Since its invention in 1972, computed tomography (C.T.) has significantly evolved. With the advent of multi-slice detectors (500 times more sensitive than conventional radiography) and high-powered computer programs, medical applications have also improved. CT is now contributing to paleoanthropological research. Its non-destructive nature is the biggest advantage for studying fossil skulls. The second advantage is the possibility of image analysis, storage, and transmission. Potential disadvantages include the possible loss of files and the need to keep up with rapid technological advances. Our experience since the late 1970s, and a recent PhD thesis, led us to describe routine applications of this method. The main contributions of CT to cranial paleoanthropology are five-fold: --Numerical anatomy with rapid acquisition and high spatial resolution (helicoidal and multidetector CT) offering digital storage and stereolithography (3D printing). --Numerical biometry (2D and 3D) can be used to create "normograms" such as the 3D craniofacial reference model used in maxillofacial surgery. --Numerical analysis offers thorough characterization of the specimen and its state of conservation and/or restoration. --From "surrealism" to virtual imaging, anatomical structures can be reconstructed, providing access to hidden or dangerous zones. --The time dimension (4D imaging) confers movement and the possibility for endoscopic simulation and internal navigation (see Iconography). New technical developments will focus on data processing and networking. It remains our duty to deal respectfully with human fossils.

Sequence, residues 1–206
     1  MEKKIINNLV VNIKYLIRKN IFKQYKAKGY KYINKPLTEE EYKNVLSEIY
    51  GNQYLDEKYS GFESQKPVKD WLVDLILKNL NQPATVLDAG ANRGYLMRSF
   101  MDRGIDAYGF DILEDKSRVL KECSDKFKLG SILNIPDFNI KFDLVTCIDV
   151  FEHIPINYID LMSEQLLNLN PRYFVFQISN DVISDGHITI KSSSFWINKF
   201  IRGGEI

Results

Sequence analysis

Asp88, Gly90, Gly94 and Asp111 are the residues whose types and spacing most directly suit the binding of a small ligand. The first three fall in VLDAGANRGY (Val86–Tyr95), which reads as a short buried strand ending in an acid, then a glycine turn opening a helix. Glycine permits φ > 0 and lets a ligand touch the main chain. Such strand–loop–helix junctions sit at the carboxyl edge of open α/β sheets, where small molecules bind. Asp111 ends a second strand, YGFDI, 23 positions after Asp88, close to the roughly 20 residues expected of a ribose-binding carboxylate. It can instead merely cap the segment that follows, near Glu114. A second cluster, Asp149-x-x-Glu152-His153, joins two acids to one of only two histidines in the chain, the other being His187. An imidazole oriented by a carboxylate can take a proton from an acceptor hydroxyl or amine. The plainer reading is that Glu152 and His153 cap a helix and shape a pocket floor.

6. Cranial kinesis in gekkonid lizards (United States)

    Herrel; De Vree F; Delheusy; Gans